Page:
The Guards had high status and they had high power. This was symbolized by good meals, by superior living conditions, by their privileges, and by their smart uniforms. They had multiple bases of power such as keys to all the doors in the prison and surveillance monitors with which to observe and control the Prisoners.
The Prisoners had low status. This was symbolized by their bad food, their Spartan living conditions, their basic uniforms. They had no formal power – having to do as they were told by the Guards.
Most of all, though, status and power difference was encapsulated in the fact that, on the night before people entered the prison, we gathered the Guards together in a hotel. We told them that their task was to make the prison work, but that it was up to them to decide how best that might be done.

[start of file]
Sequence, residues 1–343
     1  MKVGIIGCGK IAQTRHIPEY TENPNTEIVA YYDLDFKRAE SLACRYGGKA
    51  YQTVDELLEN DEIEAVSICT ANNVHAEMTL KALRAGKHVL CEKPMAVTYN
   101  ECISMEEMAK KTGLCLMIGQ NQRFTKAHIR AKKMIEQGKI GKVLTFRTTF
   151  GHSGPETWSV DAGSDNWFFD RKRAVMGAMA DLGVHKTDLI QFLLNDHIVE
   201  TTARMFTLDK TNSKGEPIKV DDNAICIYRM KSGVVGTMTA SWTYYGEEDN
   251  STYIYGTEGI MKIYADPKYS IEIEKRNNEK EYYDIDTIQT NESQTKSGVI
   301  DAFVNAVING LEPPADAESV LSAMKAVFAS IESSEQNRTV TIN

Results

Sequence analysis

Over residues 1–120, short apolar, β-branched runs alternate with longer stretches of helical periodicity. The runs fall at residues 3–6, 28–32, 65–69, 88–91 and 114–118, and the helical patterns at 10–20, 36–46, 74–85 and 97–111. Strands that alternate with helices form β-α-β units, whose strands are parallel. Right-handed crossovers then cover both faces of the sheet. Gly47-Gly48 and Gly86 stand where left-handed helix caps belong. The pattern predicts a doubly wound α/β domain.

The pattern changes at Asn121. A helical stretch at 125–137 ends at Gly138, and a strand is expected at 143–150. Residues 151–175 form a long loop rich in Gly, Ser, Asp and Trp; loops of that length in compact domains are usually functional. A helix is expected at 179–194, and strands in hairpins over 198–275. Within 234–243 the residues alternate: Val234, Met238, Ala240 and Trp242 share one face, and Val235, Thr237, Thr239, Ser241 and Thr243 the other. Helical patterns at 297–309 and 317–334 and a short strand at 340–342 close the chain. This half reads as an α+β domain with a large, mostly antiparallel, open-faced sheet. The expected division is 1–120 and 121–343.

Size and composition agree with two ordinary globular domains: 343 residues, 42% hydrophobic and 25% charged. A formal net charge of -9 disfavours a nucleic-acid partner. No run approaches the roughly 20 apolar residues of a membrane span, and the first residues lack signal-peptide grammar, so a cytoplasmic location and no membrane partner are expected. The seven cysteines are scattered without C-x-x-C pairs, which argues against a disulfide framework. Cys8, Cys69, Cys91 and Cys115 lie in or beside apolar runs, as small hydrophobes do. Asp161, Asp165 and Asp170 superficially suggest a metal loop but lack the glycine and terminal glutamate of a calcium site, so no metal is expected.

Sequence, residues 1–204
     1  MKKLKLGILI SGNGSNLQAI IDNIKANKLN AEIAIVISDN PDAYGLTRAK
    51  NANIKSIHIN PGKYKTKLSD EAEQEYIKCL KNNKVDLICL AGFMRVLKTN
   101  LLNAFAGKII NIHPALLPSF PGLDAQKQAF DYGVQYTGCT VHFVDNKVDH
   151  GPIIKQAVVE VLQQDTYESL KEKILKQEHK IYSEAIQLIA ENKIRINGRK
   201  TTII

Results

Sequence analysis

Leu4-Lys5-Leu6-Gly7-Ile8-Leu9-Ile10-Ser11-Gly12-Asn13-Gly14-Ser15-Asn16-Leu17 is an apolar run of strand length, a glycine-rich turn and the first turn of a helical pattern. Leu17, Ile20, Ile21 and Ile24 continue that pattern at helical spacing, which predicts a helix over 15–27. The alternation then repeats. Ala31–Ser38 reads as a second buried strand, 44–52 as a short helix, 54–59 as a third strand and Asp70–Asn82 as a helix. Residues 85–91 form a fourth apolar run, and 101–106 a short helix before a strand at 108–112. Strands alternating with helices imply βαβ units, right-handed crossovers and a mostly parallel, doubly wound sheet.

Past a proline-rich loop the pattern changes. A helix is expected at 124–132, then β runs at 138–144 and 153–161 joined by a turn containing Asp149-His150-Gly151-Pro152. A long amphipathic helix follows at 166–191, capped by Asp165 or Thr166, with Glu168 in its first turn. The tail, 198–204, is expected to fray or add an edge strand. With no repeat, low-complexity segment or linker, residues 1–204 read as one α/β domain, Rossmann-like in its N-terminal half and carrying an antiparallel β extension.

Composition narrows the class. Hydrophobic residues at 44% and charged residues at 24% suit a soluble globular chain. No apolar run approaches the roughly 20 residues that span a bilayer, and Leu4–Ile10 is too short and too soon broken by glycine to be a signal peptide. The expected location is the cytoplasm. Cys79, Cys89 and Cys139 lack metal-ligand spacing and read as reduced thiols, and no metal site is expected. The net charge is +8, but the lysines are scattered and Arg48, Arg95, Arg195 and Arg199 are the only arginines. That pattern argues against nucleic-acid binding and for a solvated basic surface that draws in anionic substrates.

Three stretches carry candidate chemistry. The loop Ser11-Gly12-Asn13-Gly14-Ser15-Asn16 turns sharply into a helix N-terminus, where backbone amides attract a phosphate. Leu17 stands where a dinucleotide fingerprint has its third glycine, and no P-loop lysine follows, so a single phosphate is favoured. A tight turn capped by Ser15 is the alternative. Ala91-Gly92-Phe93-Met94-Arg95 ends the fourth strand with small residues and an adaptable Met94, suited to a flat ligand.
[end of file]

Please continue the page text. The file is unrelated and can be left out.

Within certain limits, set largely for ethical reasons, they were given free rein to devise the prison rules. We then printed out the rules and posted them prominently around the prison and in the Prisoners’ cells. Guards could also administer punishments for breaking the rules. These included placing Prisoners in an isolation cell or withdrawing their ‘privilege hour’.
Of course, despite all these features, this was not a real prison. But the differences in power and status were real. So, for us, the prison was intended to represent the range of institutions of unequal power that exist in our society.